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"Save Disney" in disarray

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"Save Disney" in disarray

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I'm sorry, folks. But there really isn't a polite way to say this. Other than to say that the people working at "Save Disney" had a just plain awful week last week.

By that I mean: Roy Disney & Stanley Gold's team got caught flat-footed by Michael Eisner's surprise announcement on Friday, September 10th that he would be stepping down as Disney's CEO as of September 2006. And Roy & Stanley have been forced to play catch-up ever since.

Yeah, Disney & Gold are now learning what a costly error it was to basically put their "Save Disney" campaign on hiatus for these past six months. To assume that the Disneyana faithful would just come a-running whenever Roy & Stanley called. To believe the media would always remain sympathetic to their "Oust Eisner" cause.

Don't believe what I'm saying? Then let's talk about the mass e-mailing that "Save Disney" sent out on Thursday, September 16th. Perhaps you received a copy of this message yourself? The one entitled "Action Alert!"? This e-mail asked those who were still sympathetic to Disney & Gold's cause to immediately fax Disney Chairman George Mitchell and/or General Counsel Alan Braverman & express their concern with the Disney corporation's succession issues.

Less than 24 hours later, "Save Disney" suddenly sent out a second mass e-mailing. You know, the one with a headline that read "Major Press Puts the Pressure on Mitchell!"? This follow-up note urged those hadn't already faxed or e-mailed George Mitchell & Braverman to do so ASAP. Using urgent language like "It's important that you join the chorus calling for change at this critical time."

So why did "Save Disney" send out two such similiar e-mails within a single 24 hour span? Because -- based on what I've heard from folks who work for that organization -- that Thursday's call to arms didn't actually get much of a response. With fewer than a hundred people contacting Disney & Gold's office and asking that their anti-succession messages be forwarded to Mouse House officials.

"That's when the panic set in," said one "Save Disney" insider. "Which is why we sent out that second e-mail, hoping that that message might get a better response from the people who subscribe to our mailing list."

I'm told that the response to Friday's "Save Disney" missive was equally tepid. Which is what led many members of that organization to finally realize what had been whispered about for weeks now was true. That Roy & Stanley no longer have the strong support of the Disneyana faithful. Which means that Disney & Gold are going to have to put in a truly heroic effort if they ever hope to win these people back.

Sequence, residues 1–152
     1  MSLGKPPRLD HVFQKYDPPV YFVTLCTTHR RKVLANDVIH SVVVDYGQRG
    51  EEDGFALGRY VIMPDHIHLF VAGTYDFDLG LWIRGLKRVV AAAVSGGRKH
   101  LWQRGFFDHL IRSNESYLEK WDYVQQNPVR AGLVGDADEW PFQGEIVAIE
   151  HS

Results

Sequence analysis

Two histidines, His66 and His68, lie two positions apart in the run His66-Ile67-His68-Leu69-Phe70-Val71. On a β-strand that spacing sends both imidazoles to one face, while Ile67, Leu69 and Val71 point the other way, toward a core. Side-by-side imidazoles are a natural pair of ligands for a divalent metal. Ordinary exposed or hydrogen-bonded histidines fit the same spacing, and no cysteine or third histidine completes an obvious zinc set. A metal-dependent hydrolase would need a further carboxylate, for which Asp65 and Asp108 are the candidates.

Certainly the press is no longer in "Save Disney" 's pocket. Don't believe me, eh? Okay. Then let's look at the Wall Street Journal. Michael Eisner's announcement that he would stepping down as Disney's CEO in September 2006? That was literally front page news in the Journal on Friday, September 10th. With Bruce Orwall's exclusive story running in the paper's right hand column on Page A1.

On Monday, September 13th, Orwall & Joann S. Lublin wrote a follow-up to that Eisner-stepping-down story entitled "Lame Duck in Charge." This feature (Which ran on Page B1. Which -- for those of you who don't know -- is the front page of the Wall Street Journal's "Marketplace" section. That part of the WSJ which is dedicated to covering technology, media and marketing-related stories. Anyway ... ) listed a number of Eisner's possible successors, including Disney president Bob Iger.

So what happened last Tuesday in the Journal? After Roy & Stanley sent their own letter to Disney's Board of Directors, in which "Save Disney" threatened to " ... continue (its) campaign to oust Mr. Eisner unless the board quickly signals that it will hire a search firm and replace Mr. Eisner by next spring"? Where did the WSJ story covering Disney & Gold's latest missive wind up? This Bruce Orwall & Joann S. Lublin collaboration got buried all the way back on Page B13. (Which -- given that September 14th's Wall Street Journal only had 14 pages in its entire "Marketplace" section -- gives you some idea of how deeply this story got buried.)

Okay. I can hear some of you "Save Disney" types out there saying that the Wall Street Journal must be biased. That -- because they're the paper that originally scored the exclusive on Eisner's stepping-down announcement -- it was then probably in the WSJ's best interests to bury that "Save Disney" -related article.

Well ... Maybe ... But -- even if that were the case here -- then how do you explain what's going on with all those other newspapers out there? Like Laura Holson's article in last Friday's New York Times, "After Eisner, the Disney Board Faces Its Own Deluge." That story -- which also discussed succession issues at the Walt Disney Company -- barely touched on "Save Disney." Except for a paragraph about Bob Daly, the former co-chairman of Warner Brothers. Who is said to be interested in becoming the Walt Disney Company's chairman -- should that position ever become available.

In the paragraph in question, Holson states:

"Mr. Daly has been approached by two of Mr. Eisner's most vocal critics -- Roy E. Disney, the nephew of the company's founder, and his financial adviser, Stanley P. Gold -- to join an alternate slate of directors. But Mr. Daly turned them down because he did not want to be a hostile candidate, according to three media executives who were informed of the overture."

You see what's happening here, folks? This story is really starting to slip out of Roy & Stanley's control. Where once "Save Disney" was the media's darling, now we're starting to hear about how influential people within the business & entertainment community are turning Disney & Gold down. Out of fear of what may happen to their reputations should they become associated with Roy & Stanley's campaign. Which is now being percieved by people in the industry as being negative.

Even "Save Disney" 's hometown papers -- the Los Angeles Time and Daily Variety -- appear to be losing interest in Roy & Stanley's efforts. This past Friday's piece in the Times about the Walt Disney Company's succession issues -- Richard Verrier's "Disney Chairman Isn't in the Happiest Place" -- doesn't get around to mentioning Disney & Gold 'til 19 paragraphs in. And then this article pretty much dismisses Roy & Stanley's entire "Oust Eisner" effort with a single 'graph.